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Voltaire (1694-1778) - pseudonym of François-Marie Arouet


French writer, satirist, the embodiment of the 18th-century Enlightenment. Voltaire is remembered as a crusader against tyranny and bigotry. Compared to Rousseau's (1712-1778) rebelliousness and idealism, Voltaire's world view was more skeptical, but both of their ideas influenced deeply the French Revolution. Voltaire disliked Rousseau and wrote to him in 1761: "One feels like crawling on all fours after reading your work."

"There lived in Westphalia, in the castle of the Baron of Thunder-Ten-Tronckh, a young man on whom nature had bestowed the perfection of gentle manners. His features admirably expressed his soul, he combined an honest mind with great simplicity of heart; and I think it was for this reason they called him Candide." (from Candide, or Optimism by Voltaire, the Robert M. Adams translation, backgrounds, criticism, third edition, edited by Nicholas Cronk, 2016, p. 3)

François-Marie Arouet de Voltaire was born in Paris into a middle-class family. François Arouet,Voltaire's father, was a minor treasury official. "His  enemies, in after life, displayed their spite by promulgating that his father was a peasant – an assertion without foundation. . . . His mother was named Marguerite d'Aumont, of a noble family of Poitou. The child was so feeble at the time of his birth that he was not expected to survive; he was hastily babtized in the house, nor considered sufficiently strong to be carried to church until he was nine months old." ('Voltaire,' in Lives of the Most Eminent Literary and Scientific Men of France, Vol. II, 1839, p. 4) Voltaire was educated by the Jesuits at the Collège Louis-le-Grand (1704-11). He learned Latin and Greek and later in life he became fluent in Italian, Spanish and English. From 1711 to 1713 he studied law.

Before devoting himself entirely to writing, Voltaire worked as a secretary to the French ambassador in Holland. From the beginning, Voltaire had troubles with the authorities, but he energetically attacked the government and the Catholic church. These activities led to numerous imprisonments and exiles. In his early twenties he spent eleven months in the Bastille for writing satiric verses about the aristocracy.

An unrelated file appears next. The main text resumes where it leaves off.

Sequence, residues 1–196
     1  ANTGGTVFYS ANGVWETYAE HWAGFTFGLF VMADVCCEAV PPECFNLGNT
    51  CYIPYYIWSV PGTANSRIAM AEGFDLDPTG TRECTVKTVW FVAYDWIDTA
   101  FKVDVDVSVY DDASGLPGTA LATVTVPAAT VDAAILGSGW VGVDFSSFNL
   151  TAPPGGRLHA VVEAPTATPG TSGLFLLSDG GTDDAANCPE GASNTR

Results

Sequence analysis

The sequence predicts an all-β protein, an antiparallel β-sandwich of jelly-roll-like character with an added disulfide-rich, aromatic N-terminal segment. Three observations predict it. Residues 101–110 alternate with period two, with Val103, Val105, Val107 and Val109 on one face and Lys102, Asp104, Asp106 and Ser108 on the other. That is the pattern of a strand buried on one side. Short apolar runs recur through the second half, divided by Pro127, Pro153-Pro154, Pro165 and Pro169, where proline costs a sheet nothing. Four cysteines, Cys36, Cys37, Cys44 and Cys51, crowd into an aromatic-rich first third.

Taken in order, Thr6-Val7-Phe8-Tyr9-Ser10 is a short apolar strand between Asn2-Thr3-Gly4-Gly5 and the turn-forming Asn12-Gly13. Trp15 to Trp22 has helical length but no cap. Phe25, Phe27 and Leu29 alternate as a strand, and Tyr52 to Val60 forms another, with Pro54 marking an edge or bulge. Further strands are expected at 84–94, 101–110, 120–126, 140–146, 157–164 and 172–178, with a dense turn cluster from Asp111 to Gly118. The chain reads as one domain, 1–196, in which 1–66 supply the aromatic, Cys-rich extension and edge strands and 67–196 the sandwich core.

Voltaire did not support the dogmatic theology of institutional religions, his religiosity was anticlerical. With his brother Armand, who was a fundamentalist Catholic, Voltaire did not get on as well as with his sister. Atheism Voltaire considered not as baleful as fanaticism, but nearly always fatal to virtue. The doctrines about the Trinity or the Incarnation he dismissed as nonsense.

As a humanist, Voltaire advocated religious and social tolerance, but not necessarily in a direct way. Well known is Voltaire's hostility toward the Jews. His play Le fanatisme, ou Mahomet le prophéte (1741), which portrayed the founder of Islam as an intriguer and greedy for power, was denounced by Catholic clergymen. They had no doubts that the true target was Christian fanaticism. However, Pope Benedict XIV, whom Voltaire dedicated the work, replied by saying that he read it with great pleasure.

In 1716 Voltaire was arrested and exiled from Paris for five months. From 1717 to 1718 he was imprisoned in the Bastille for lampoons of the Regency. During this time he wrote the tragedy Œdipe, and started to use the name Voltaire. The play brought him fame which did not lessen the number of his enemies at court.